Date of Award


Degree Type

Closed Dissertation

Degree Name

Doctor of Philosophy (PhD)


Computer Science

First Advisor

Dr. Michael Weeks - Chair

Second Advisor

Dr. Saeid Belkasim

Third Advisor

Dr. Robert Harrison

Fourth Advisor

Dr. Ephraim McLean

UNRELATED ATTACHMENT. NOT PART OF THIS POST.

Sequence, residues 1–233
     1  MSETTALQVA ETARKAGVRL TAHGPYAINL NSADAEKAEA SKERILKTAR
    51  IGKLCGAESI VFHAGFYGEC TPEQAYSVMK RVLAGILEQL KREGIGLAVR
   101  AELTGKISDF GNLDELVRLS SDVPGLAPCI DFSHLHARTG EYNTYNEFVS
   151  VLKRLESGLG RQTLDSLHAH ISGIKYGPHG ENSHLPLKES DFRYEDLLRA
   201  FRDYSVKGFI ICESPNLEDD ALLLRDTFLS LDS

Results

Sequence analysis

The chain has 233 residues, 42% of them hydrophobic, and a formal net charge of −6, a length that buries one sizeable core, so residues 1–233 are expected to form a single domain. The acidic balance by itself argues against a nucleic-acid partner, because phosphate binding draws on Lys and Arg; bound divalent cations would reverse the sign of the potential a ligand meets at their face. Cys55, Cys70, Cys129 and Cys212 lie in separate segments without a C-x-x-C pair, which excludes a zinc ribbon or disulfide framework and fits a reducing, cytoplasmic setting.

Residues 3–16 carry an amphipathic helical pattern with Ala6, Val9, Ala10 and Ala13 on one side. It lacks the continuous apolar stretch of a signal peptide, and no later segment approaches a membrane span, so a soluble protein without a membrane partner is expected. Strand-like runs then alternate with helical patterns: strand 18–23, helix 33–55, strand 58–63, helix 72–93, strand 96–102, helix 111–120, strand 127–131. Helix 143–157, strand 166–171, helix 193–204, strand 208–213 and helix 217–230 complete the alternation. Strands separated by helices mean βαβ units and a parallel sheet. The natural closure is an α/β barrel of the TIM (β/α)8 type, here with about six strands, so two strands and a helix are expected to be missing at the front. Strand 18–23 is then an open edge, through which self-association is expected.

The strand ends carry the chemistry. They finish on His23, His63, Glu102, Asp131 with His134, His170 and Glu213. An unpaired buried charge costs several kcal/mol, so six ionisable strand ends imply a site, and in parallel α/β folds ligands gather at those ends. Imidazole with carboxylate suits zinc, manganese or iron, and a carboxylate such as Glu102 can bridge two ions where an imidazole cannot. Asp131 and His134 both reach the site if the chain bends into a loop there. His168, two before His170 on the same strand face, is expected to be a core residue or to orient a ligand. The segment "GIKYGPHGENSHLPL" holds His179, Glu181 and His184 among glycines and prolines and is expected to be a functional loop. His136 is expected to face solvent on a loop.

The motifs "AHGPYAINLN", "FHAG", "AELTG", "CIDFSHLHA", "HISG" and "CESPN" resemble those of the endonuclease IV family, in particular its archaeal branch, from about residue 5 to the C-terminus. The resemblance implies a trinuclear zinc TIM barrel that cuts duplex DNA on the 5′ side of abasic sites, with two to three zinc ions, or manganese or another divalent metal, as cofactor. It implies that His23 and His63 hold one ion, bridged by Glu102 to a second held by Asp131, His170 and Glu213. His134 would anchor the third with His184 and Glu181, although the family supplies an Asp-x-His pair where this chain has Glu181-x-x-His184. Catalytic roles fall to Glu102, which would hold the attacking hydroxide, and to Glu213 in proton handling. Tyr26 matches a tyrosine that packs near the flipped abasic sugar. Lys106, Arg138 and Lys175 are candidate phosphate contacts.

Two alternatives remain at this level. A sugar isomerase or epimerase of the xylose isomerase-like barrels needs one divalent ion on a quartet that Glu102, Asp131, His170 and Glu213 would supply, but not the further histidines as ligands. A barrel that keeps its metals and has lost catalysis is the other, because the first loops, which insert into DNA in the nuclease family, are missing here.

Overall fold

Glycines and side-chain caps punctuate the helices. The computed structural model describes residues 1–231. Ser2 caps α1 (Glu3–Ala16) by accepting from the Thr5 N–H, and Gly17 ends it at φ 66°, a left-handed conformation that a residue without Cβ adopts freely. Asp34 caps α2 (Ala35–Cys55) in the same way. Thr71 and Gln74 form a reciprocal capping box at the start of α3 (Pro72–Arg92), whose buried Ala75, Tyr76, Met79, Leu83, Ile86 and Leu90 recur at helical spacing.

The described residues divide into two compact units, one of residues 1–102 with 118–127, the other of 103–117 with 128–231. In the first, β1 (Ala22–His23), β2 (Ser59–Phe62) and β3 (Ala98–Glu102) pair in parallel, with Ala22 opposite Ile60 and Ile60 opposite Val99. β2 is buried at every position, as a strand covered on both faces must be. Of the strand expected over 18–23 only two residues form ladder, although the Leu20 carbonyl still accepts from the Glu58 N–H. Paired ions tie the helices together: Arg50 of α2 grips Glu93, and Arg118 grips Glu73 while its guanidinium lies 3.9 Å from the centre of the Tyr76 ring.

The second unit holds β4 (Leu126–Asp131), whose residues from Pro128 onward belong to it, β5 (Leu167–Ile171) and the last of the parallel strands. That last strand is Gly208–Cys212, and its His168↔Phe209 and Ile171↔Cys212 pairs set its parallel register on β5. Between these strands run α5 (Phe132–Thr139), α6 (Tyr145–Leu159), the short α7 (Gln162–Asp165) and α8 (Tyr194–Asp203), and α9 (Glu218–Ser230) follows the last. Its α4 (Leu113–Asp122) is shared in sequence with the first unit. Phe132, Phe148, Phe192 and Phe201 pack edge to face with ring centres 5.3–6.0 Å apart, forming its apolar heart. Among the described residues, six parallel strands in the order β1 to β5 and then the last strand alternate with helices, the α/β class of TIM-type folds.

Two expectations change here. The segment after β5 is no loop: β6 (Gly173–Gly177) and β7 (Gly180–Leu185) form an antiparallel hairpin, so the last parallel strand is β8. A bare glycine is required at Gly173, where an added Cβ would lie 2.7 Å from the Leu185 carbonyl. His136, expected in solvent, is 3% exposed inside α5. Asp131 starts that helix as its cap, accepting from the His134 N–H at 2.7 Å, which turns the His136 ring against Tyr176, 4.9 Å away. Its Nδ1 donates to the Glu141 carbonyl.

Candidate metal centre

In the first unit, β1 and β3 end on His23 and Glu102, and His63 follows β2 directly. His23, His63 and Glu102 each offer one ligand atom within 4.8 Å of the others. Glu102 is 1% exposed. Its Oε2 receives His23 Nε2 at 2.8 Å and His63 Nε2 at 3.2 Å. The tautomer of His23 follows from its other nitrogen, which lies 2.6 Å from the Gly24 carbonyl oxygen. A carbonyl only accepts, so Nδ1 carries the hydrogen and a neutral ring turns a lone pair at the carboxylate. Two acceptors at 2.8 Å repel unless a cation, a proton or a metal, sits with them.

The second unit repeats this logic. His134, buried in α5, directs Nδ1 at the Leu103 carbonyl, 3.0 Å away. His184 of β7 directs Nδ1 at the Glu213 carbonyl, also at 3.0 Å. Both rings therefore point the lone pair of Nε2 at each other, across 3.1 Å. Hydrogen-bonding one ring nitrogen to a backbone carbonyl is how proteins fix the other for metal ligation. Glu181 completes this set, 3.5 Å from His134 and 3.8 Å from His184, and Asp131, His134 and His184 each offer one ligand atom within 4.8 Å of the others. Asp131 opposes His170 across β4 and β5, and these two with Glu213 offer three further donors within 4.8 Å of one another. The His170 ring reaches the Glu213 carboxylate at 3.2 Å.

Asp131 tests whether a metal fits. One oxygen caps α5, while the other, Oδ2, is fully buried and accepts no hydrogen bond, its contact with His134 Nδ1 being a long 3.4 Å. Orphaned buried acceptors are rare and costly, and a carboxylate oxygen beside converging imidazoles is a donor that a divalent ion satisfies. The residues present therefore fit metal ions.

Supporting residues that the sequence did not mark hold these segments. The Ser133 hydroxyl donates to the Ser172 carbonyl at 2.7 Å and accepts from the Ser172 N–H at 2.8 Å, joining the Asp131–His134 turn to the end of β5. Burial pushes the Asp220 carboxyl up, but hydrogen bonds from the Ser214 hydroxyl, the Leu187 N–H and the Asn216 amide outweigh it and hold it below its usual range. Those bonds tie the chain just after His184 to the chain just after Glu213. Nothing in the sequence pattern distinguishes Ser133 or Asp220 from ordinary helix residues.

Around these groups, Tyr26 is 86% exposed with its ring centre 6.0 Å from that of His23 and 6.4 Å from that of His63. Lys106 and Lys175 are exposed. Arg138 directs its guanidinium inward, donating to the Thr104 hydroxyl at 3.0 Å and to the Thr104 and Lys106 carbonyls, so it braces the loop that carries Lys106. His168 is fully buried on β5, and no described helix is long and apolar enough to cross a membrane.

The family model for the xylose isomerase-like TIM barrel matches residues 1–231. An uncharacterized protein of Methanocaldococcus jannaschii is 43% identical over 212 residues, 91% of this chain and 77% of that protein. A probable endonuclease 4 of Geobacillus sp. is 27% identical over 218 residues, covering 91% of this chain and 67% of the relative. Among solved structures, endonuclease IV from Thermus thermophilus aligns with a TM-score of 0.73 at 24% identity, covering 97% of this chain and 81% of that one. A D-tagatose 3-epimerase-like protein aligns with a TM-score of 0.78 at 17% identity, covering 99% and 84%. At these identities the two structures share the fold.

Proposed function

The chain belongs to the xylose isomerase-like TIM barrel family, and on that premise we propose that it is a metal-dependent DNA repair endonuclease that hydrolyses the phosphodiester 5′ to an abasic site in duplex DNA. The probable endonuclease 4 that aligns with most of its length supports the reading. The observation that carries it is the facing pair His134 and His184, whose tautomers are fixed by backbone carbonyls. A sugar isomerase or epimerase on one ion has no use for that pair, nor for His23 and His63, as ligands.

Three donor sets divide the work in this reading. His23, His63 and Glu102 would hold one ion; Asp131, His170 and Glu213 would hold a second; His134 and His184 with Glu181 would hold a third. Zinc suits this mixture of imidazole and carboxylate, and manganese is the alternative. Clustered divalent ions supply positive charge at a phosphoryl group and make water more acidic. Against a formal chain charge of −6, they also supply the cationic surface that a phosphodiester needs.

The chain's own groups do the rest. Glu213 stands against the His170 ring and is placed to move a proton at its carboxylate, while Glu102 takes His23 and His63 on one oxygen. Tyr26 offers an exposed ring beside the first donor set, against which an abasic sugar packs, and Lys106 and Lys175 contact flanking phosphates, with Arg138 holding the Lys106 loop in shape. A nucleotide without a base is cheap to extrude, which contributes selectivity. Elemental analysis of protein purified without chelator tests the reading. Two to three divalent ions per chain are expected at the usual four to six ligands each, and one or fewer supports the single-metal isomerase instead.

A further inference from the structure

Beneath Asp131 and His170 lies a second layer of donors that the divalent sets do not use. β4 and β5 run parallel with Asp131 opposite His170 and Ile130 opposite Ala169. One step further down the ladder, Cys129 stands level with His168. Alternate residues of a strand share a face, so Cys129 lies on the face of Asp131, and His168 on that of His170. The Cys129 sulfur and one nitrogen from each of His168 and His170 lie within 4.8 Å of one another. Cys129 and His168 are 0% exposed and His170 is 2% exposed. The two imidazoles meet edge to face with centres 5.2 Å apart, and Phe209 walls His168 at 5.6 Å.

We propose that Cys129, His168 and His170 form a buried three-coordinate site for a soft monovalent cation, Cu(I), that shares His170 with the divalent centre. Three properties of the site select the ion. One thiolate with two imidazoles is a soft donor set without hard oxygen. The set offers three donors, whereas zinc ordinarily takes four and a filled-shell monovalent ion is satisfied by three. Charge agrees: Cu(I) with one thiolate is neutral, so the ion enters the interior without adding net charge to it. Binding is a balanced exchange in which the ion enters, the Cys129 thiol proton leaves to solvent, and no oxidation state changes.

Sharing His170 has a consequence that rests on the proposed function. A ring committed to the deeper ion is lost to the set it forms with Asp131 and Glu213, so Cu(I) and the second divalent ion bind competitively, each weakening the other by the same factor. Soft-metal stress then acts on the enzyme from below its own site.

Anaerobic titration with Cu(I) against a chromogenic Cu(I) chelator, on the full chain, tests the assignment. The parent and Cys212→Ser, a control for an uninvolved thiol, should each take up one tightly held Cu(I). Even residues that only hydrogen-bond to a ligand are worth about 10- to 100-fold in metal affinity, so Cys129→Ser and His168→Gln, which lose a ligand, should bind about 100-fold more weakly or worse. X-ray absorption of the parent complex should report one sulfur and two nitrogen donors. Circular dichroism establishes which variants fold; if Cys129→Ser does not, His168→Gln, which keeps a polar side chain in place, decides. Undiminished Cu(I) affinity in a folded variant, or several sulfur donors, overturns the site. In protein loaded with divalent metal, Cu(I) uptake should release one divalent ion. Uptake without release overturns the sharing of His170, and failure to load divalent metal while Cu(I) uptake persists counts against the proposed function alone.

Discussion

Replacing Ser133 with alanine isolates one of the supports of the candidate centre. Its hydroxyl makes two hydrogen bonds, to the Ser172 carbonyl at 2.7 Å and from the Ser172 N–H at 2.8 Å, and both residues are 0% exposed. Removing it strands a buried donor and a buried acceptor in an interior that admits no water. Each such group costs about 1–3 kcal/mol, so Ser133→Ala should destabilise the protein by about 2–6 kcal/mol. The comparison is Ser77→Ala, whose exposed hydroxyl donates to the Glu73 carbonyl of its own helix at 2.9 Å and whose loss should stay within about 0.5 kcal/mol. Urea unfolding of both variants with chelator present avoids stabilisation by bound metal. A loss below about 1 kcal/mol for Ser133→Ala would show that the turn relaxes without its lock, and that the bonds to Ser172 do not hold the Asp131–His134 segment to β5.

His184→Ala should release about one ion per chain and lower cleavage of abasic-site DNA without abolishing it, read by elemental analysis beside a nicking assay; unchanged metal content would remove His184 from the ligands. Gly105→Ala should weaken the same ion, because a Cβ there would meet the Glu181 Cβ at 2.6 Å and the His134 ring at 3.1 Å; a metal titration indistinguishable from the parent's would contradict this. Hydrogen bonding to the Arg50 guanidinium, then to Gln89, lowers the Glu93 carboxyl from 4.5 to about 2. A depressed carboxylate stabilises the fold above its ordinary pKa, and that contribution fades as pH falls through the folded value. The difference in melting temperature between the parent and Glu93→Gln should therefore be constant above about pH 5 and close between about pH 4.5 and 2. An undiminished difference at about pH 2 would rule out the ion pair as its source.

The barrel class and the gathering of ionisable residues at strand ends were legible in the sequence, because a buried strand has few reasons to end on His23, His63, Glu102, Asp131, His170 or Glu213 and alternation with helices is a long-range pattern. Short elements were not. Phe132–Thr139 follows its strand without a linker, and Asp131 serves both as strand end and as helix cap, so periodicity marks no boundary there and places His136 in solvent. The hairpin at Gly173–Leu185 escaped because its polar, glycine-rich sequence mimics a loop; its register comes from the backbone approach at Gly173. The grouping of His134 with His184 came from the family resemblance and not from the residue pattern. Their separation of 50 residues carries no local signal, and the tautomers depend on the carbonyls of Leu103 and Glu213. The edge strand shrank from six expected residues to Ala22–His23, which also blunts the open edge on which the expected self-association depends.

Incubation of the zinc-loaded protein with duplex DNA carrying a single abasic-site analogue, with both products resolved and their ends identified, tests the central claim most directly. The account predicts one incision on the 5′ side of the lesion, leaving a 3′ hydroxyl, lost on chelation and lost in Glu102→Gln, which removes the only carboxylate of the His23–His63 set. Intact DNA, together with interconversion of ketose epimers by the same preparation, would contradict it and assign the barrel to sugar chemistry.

Safeguarding creative content in a digital form has become increasingly difficult. It is progressively easier to copy, modify and redistribute digital media, which causes great declines in business profits. For example, the International Federation of the Phonographic Industry estimates that in 2001 the worldwide sales of pirated music CDs were 475 million US dollars. While a large amount of time and money is committed to creating intellectual property, legal means have not proven to be sufficient for the protection of this property. Digital watermarking is a steganographic technique that has been proposed as a possible solution to this problem. A digital watermark hides embedded information about the origin, status, owner and/or destination of the data, often without the knowledge of the viewer or user. This dissertation examines a technique for digital watermarking which utilizes properties of the Discrete Wavelet Transform (DWT). Research has been done in this field, but which wavelet family is superior is not adequately addressed. This dissertation studies the influence of the wavelet family when using a blind, nonvisible watermark in digital media. The digital watermarking algorithm uses a database of multiple images with diverse properties. Various watermarks are embedded. Eight different families of wavelets with dissimilar properties are compared. How effective is each wavelet? To objectively measure the success of the algorithm, the influence of the mother wavelet, the imperceptibility of the embedded watermark and the readability of the extracted watermark, the Peak Signal-to-Noise Ratio and the Image Quality Index for each wavelet family and image are obtained. Two common categories of digital watermarking attacks are removing the watermark and rendering the watermark undetectable. To simulate and examine the effect of attacks on the images, noise is added to the image data. Also, to test the effect of reducing an image in size, each image containing the embedded watermark is compressed. The dissertation asks the questions: “Is the wavelet family chosen to implement the algorithm for a blind, nonvisible watermark in digital images of consequence? If so, which family is superior?” This dissertation conclusively shows that the Haar transform is the best for blind, non-visible digital watermarking.